I am 51 years old and have nothing for retirement. I put 100.00 a week in my savings and have about $10k now. What can i do for more interest?
Thanks for your question. Some type of a tax-deferred retirement account would likely be best in your situation in lieu of bank savings. If you have access to a 401(k) at work, that may be your best option. If not, an IRA (Individual Retirement Account) at a low-cost provider such as Vanguard may be a good choice. Make sure that the investment option that choose in the retirement account is comfortable for your risk tolerance. Most 401(k)s (as well as a Vanguard IRA) have "easy option" choices that you match up your risk tolerance or anticipated retirement age and the fund invests accordingly. The advantage of using a retirement account is that you can deduct the contribution for federal income tax purposes. The disadvantage is that you won't want to access the money prior to retirement or otherwise face possible penalties. You also won't be able to take the $10k from bank savings and put directly into the 401(k) - you'd have to contribute via payroll deductions. As for an IRA, you can contribute up to $6,500 per year. Definitely direct the $100/wk savings into either a 401(k) or IRA. All the best. | 05.30.14 @ 14:23
Victor - Congratulations on starting to save for your retirement. Your desire for more interest than you are getting from the savings account is understandable and will be necessary for retirement. However, you need to appreciate that the quest for more interest and growth comes with the "cost" of volatility. By that I mean the account balance will be expected to decrease at times... on the way to its increased growth. As long as you understand that and are comfortable with that, then you can start to "invest" some money instead of "saving" money.
First, make sure that you have enough money in case of an emergency saved in that savings account. Then start to invest in a diversified fund at a company such iShares or Vanguard. This investment should be broadly diversified and include stocks and bonds. The ETF may be a good choice as your can set-up a recurring monthly purchases without incurring the recurring transaction cost (called commission free). Look to TD Ameritrade or Fidelity to establish this account and provide insight on investment options that fit this objective.
Most importantly, keep investing even when the market has a downturn. This will allow you to buy shares at a discount. In fact try to increase your savings during these times if possible. Your behavior during these downturns which will occur will be the key to your success. Think long term (your retirement years) and do not focus on the short term market conditions. Read my blog for encouragement to focus on the long term - www.RootsofWealth.com. | 05.30.14 @ 14:43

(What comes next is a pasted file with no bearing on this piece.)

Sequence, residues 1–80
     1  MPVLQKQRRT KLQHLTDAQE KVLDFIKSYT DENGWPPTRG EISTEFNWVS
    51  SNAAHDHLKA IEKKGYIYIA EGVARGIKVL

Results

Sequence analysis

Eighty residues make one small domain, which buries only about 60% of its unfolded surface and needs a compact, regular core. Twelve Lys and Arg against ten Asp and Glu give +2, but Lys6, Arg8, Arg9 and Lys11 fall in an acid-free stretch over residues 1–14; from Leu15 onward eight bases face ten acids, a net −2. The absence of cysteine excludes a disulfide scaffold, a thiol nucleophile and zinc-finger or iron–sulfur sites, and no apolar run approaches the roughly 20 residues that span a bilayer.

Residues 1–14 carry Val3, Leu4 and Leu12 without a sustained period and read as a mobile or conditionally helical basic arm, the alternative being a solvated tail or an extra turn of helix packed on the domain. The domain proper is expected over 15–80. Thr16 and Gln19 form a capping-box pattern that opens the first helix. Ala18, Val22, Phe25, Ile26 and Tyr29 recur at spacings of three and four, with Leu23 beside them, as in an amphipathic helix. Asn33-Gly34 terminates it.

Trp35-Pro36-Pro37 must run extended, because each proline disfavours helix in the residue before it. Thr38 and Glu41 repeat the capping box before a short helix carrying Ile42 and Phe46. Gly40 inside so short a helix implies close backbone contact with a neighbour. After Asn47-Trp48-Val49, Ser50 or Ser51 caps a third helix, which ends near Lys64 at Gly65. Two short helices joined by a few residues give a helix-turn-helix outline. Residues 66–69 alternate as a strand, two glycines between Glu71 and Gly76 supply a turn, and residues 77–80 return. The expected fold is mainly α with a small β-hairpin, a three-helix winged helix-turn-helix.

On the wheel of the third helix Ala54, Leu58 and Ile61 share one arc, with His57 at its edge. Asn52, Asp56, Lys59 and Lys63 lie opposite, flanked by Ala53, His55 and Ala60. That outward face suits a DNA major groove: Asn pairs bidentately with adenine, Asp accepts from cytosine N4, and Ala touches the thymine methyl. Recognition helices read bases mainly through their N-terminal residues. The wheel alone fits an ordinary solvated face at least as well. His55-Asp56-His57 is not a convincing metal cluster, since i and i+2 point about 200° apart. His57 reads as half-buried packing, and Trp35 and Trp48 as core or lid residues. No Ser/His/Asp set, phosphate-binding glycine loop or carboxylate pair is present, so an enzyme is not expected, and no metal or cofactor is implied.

ROTH IRA , its tax deferred and tax free.
Saving account pays less than 1%, inflation is average 2.4% . You are losing money.
Have 3-6 months of expenses in savings, the rest in a retirement plan. | 03.04.15 @ 00:27
You can achieve tax-deferral through the use of annuity products. Take a look at fixed or indexed deferred annuities which should give you greater cash accumulation than your bank savings account. Guaranteed by the issuing insurance company, it's considered a safe place to put money into. Look online for the NAIC-Buyers-Guide-to-Fixed-Deferred-Annuities.pdf (not sure if we can post links here). | 03.04.15 @ 17:34
Definitely look into the Roth IRA. You can contribute up to $6500 in 2015 to this account. One nice feature of the Roth IRA is you can always take the principal out penalty-free before 59 1/2. If you put in $6500 and it grows to $7000, you can take out your original $6500 in case of an emergency. The growth has to stay until you reach age 59 1/2 or you will pay a penalty. | 03.06.15 @ 00:01
To add to Arin's comments, make sure that whatever you invest in is earning you more than inflation or you're simply losing money instead of 'earning' on it. Something that gives you a guaranteed rate of return is always best. Make sure you talk to a financial adviser who does the math including taxes, fees, and inflation over the long-term and doesn't just try to sell you a product. | 07.08.15 @ 19:14
The secret to getting ahead is getting started --Mark Twain
There are two ways to get you more $$ in your retirement account
1) Cash flows
Both can get you a great interest rate. What is your MARR (Minimally Acceptable Rate of Return)?
Keep in mind that with cash flow investing, if you reinvest the cash back into the investment (rather than spending it), it will also grow at your MARR.
Here are some examples:
10K @ 15%/yr will double to 20k in ~4.8 yrs. There are some great passive investments that can do this for you. We use F &C's 9Floors & Ceilings). There are also many others. With only 10K, the fees will not move your needle much. we call this wealth redistribution. Our focus is on wealth creation.
It's not what you make, It's what you keep that determines your lifestyle.
Send me a message and together we can look deeper into what your number is. No obligation.
| 03.17.16 @ 20:27
To gain more interest you must be willing to take on more risk. The hard part in your situation is you may not have a fall back in case you make a mistake investment. You are working with a short time table and may need to look at taking greater risk in your choices.
| 06.29.16 @ 00:30